Muscle March Micro-Review: Flex Crimes

Aliens have stolen Earth's precious protein powder and it's up to an international community of bodybuilders (and one polar bear) to safely return that protein to the excessively ripped community. That's the plot of Namco Bandai's wacky Muscle March.

The WiiWare game's premise may be as deep as the gameplay, tasking players with chasing down said aliens and their creatine hoarding partners in crime—which include a kappa, Oda Nobunaga, and a robot—through simple Wii Remote and Nunchuk controls. Players will form a muscular parade behind the protein thief, posing appropriately to follow them through body-shaped holes in walls like a game of human Tetris. Simply hold the motion sensitive controls in one of four positions to squeeze through those holes, then take down your protein-loving prey with frantic waggling.

Muscle March is quirky, zany, wacky, buff fun. Just don't expect it to last.

Loved
Hilarious Presentation: As you sprint and flex through the streets of Japan, its countryside and outer space in pursuit of protein thieves, you'll come across loads of wacky characters, amusing sights and a laugh out loud presentation. Whether gyrating buttocks and bears in bikini bottoms is your cup of tea will determine how much amusement you draw from Muscle March. But if you like the "Oh, Japan!" brand of bizarre as previously seen in games like the Cho Aniki and Katamari Damacy series, you'll find something to appreciate here.

Hated
Empty Gameplay: Here's where Muscle March suffers. All you do is hold the Wii Remote and Nunchuk in one of four positions, posing in the color-coded hole shapes left in walls left by the game's beefy burglars. The novelty wears off within minutes, as the gameplay never deviates from reacting quickly to poses and fake out poses as the race to steal back your protein speeds up. Add to that just three environments in which to play, each broken into three sub-sections, and your interest to revisit Muscle March after completing the game in about 30 minutes will likely peter out rapidly.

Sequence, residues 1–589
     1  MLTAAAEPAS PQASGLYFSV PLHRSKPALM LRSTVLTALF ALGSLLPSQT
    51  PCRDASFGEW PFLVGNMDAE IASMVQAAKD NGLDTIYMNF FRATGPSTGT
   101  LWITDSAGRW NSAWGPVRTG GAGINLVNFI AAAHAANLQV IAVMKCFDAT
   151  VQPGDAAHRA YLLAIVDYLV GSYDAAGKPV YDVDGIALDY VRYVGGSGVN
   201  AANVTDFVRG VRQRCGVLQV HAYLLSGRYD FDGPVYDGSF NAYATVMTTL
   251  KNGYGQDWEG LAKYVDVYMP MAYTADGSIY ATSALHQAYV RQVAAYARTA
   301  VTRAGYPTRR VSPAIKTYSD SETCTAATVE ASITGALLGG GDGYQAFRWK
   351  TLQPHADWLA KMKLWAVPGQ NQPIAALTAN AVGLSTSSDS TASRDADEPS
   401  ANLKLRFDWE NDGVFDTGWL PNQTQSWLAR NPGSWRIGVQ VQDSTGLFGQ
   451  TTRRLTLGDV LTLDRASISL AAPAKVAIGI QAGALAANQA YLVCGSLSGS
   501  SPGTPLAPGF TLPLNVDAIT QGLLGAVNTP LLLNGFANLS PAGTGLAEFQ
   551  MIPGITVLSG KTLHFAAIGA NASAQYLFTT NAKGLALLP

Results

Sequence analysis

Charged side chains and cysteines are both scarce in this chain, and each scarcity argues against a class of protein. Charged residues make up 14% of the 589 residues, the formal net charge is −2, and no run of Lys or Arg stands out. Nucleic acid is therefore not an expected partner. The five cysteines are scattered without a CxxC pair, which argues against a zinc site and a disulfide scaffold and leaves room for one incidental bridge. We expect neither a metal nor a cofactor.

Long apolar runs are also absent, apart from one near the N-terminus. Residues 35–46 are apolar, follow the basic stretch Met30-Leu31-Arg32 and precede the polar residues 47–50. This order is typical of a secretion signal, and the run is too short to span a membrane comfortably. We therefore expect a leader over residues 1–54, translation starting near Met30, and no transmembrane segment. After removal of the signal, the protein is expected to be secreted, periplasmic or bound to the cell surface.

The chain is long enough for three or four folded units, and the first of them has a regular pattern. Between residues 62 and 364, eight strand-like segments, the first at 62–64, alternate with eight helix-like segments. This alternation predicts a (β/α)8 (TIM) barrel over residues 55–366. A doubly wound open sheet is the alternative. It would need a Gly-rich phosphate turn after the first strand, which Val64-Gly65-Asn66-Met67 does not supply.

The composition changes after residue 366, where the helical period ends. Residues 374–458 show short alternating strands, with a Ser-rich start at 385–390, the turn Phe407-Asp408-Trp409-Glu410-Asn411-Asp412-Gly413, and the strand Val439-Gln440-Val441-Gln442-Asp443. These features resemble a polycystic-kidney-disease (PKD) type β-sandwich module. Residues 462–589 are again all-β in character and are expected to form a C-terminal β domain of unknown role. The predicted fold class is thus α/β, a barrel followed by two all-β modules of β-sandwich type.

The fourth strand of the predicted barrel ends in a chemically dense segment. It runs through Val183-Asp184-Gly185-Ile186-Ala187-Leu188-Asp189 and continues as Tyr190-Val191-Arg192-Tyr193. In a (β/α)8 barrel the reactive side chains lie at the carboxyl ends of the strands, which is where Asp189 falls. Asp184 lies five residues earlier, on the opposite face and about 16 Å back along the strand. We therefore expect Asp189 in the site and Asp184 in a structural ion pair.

Wii Controls Make It Frustrating: For a game that relies on just four control positions and some frantic controller flailing, you might think it would control like a dream. Not really. The game feels frustratingly slow to react to pose changes, a major annoyance when races reach maximum speed.

Muscle March is fun idea disguised as a game, but the singular gameplay mechanic isn't explored in any interesting way, making the WiiWare game feel like a repetitive diversion, about as amusing in the long-term as a whoopee cushion. It's a great gag, one that you can spring on friends who may have their minds blown by the eccentric action of Muscle March, but that's all you're going to get for your 500 Wii Points.

If you're looking for depth or value or even interesting gameplay, you won't find it in Muscle March.

Muscle March was developed and published by Namco Bandai for WiiWare on January 16. Retails for 500 Wii Points ($5.00 USD). Nintendo Points were provided by Nintendo for reviewing purposes. Played both game types with multiple characters and posed 72 times in a row.

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